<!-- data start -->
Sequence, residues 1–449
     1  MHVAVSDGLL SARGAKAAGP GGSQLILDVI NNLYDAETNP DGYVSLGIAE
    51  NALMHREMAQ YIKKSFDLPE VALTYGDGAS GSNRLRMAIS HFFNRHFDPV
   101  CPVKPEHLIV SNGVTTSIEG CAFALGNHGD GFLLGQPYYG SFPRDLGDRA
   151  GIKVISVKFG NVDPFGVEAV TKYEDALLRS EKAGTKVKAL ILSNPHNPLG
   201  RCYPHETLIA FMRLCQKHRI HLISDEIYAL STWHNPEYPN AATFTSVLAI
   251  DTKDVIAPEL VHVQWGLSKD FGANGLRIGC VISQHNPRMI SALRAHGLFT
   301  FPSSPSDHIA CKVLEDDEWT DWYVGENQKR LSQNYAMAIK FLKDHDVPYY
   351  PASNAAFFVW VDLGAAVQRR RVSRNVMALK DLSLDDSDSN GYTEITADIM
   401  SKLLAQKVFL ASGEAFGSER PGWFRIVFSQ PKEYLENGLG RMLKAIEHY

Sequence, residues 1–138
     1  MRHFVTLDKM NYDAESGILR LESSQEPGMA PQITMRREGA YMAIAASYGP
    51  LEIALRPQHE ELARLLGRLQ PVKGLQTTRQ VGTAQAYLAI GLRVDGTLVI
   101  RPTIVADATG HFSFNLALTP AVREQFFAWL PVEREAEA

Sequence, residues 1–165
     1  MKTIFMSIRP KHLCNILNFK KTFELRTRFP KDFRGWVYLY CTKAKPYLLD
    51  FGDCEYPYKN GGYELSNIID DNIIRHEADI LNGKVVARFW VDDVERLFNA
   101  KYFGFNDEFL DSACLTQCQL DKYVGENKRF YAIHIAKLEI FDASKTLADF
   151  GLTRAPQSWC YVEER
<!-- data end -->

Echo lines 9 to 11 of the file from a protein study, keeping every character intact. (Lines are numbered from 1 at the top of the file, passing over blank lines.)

   351  PASNAAFFVW VDLGAAVQRR RVSRNVMALK DLSLDDSDSN GYTEITADIM
   401  SKLLAQKVFL ASGEAFGSER PGWFRIVFSQ PKEYLENGLG RMLKAIEHY

Sequence, residues 1–138